On November 18, 2010, the State charged Taylor with class B felony rape and class D felony criminal confinement. Taylor unsuccessfully sought to suppress the DNA results. Following a bench trial on December 7, 2011, Taylor was found guilty as charged. A judgment of conviction, however, was entered only on the rape charge, and the trial court imposed an executed sentence of seventeen years. Taylor now appeals, asserting a number of errors in the admission of evidence at trial.
The decision to admit or exclude evidence lies within the trial court's sound discretion. Filice v. State, 886 N.E.2d 24 (Ind.Ct.App.2008), trans. denied. An abuse of discretion occurs when the trial court's decision is against the logic and effect of the facts and circumstances before it. Dixon v. State, 967 N.E.2d 1090 (Ind.Ct.App.2012). We will not reverse absent a showing of manifest abuse of discretion resulting in the denial of a fair trial. Johnson v. State, 831 N.E.2d 163 (Ind.Ct.App.2005), trans. denied. “Even when a decision on the admissibility of evidence is an abuse of discretion, we will not reverse a judgment where that error is harmless, that is, where the error did not affect the substantial rights of a party.” Dixon v. State, 967 N.E.2d at 1092.
Taylor initially challenges the admission of the DNA evidence obtained from the panty liner. He claims the State failed to establish a sufficient chain of custody for the panty liner because collection of the item was not noted at the hospital by SANE Brannan.
It is well established in Indiana that an exhibit is admissible if the evidence regarding its chain of custody strongly suggests the exact whereabouts of the evidence at all times. That is, in substantiating a chain of custody, the State must give reasonable assurances that the property passed through various hands in an undisturbed condition. We have also held that the State need not establish a perfect chain of custody whereby any gaps go to the weight of the evidence and not to admissibility.
Culver v. State, 727 N.E.2d 1062, 1067 (Ind.2000) (citations omitted). Further, “[t]o mount a successful challenge to the chain of custody, one must present evidence that does more than raise a mere possibility that the evidence may have been tampered with.” Troxell v. State, 778 N.E.2d 811, 814 (Ind.2002).
In the instant case, S.S. testified that she was wearing a panty liner with her underwear after the attack and that her underwear was provided to SANE Brannan to be included in the rape kit. Further, S .S. identified at trial the underwear and attached panty liner contained in State's Exhibit 7 as the ones she wore to the sexual assault exam.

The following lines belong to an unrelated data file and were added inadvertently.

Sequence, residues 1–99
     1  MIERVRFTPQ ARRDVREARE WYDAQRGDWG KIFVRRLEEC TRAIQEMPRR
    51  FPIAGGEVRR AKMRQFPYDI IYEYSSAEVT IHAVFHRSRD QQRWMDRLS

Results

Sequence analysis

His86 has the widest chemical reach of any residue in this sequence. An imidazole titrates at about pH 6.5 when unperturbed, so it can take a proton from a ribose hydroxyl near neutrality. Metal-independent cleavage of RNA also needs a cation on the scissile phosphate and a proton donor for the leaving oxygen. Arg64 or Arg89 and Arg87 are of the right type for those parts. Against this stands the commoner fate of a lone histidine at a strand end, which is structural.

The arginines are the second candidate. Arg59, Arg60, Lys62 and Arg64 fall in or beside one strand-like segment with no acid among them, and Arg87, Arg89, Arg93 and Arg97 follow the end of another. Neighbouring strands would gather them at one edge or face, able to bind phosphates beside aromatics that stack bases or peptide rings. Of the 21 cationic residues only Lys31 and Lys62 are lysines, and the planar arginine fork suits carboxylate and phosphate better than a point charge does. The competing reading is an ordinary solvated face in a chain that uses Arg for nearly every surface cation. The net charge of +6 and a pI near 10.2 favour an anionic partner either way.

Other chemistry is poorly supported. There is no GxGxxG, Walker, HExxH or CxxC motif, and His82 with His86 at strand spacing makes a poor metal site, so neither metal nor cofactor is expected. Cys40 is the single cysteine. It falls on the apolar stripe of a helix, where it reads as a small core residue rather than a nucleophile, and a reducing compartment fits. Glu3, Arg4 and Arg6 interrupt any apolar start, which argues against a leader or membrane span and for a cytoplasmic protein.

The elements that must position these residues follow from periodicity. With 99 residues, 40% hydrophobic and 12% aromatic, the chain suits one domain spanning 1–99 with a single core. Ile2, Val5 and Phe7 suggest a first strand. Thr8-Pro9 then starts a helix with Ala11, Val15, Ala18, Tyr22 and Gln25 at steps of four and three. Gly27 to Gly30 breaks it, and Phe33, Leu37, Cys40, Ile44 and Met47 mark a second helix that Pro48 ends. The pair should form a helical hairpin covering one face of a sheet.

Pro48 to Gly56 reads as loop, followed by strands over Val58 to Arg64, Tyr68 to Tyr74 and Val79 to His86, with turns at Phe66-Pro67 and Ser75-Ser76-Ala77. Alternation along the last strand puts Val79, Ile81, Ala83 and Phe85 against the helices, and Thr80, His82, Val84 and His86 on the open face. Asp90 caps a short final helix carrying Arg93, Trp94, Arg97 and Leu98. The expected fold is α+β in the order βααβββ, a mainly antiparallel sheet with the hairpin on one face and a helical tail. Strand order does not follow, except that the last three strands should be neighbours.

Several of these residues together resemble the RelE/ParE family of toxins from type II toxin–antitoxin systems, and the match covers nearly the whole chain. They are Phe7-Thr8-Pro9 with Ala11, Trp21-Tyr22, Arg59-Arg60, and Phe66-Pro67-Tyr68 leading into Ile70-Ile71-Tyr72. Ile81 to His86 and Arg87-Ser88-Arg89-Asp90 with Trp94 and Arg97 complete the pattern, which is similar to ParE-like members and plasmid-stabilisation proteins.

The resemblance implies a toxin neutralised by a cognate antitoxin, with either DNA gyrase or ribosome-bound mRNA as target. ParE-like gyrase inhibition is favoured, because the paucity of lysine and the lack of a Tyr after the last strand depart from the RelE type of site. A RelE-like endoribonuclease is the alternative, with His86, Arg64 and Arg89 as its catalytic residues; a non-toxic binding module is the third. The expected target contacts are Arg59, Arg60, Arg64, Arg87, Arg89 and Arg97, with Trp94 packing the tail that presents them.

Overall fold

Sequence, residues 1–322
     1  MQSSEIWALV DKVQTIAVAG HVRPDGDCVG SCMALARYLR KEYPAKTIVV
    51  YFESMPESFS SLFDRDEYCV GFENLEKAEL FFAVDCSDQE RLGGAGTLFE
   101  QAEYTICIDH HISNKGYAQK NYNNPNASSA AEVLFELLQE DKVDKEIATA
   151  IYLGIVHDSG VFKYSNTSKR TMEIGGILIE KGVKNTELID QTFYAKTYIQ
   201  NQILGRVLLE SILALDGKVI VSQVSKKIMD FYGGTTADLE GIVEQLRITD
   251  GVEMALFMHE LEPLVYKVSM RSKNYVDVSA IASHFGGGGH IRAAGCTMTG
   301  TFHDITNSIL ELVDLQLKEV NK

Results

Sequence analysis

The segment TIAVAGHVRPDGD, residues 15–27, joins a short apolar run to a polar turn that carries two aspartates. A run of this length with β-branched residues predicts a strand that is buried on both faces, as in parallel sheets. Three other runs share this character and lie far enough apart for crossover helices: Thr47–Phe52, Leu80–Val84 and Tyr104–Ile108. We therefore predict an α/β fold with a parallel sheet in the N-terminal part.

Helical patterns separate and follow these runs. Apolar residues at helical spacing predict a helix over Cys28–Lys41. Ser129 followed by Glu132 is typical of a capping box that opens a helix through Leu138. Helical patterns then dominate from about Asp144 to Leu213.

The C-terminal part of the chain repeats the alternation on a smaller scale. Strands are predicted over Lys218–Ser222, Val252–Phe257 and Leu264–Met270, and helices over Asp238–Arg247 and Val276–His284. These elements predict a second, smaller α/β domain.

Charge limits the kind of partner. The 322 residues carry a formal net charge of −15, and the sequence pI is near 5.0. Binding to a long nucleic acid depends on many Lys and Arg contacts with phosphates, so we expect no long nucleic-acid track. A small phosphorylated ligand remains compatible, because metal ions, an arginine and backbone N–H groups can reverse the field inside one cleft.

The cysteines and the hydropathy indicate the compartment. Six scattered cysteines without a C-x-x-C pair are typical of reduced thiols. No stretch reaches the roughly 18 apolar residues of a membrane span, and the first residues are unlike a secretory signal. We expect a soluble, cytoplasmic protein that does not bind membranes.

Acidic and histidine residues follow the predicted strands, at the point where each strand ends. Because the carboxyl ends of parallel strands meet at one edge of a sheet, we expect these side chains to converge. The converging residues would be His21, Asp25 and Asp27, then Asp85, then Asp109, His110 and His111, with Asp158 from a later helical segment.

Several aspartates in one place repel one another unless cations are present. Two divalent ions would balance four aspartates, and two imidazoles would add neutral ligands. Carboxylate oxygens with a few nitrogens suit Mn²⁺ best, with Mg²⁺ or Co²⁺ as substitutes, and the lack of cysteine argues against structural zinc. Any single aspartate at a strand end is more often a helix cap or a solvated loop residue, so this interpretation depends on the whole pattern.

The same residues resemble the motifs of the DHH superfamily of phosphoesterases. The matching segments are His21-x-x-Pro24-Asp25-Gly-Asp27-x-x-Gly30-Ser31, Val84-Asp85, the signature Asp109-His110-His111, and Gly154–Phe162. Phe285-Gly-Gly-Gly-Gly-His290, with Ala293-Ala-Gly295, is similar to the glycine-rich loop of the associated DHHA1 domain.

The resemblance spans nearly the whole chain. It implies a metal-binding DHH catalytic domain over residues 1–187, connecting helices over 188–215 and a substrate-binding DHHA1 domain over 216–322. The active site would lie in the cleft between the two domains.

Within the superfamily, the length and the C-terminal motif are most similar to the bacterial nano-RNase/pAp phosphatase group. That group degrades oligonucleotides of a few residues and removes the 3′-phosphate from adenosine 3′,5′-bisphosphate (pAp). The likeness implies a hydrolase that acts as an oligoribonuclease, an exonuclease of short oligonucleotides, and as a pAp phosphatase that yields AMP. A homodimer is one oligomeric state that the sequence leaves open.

Although Brannan was apparently not aware of the attached panty liner, the evidence indicates that S.S.'s underwear was placed in an evidence bag that was then properly sealed and initialed. On the outside of the evidence bag, Brannan noted that it contained the victim's underwear worn after the attack.
Taylor does not challenge the chain of custody of the rape kit after Brannan placed it in the locked refrigerator at the hospital. The forensic evidence technician who picked up the rape kit from the hospital testified that the kit was properly sealed, as were all items of evidence inside. The evidence bag containing the victim's underwear was first opened by Guy, the DNA analyst. She testified that the evidence bag was sealed with no evidence of tampering when she received it for testing. Upon opening the evidence bag in question, Guy determined that there was a panty liner inside the underwear. As set forth above, testing of the panty liner ultimately led to the DNA identification of Taylor.
We conclude that Brannan's failure to make a notation of the panty liner or to remove and separately bag it, though contrary to standard protocol, is not fatal to the chain of custody. The evidence strongly suggests the exact whereabouts of the panty liner at all times—attached to the underwear inside the marked and sealed evidence bag. Thus, the trial court did not abuse its discretion by admitting the DNA evidence obtained from the panty liner.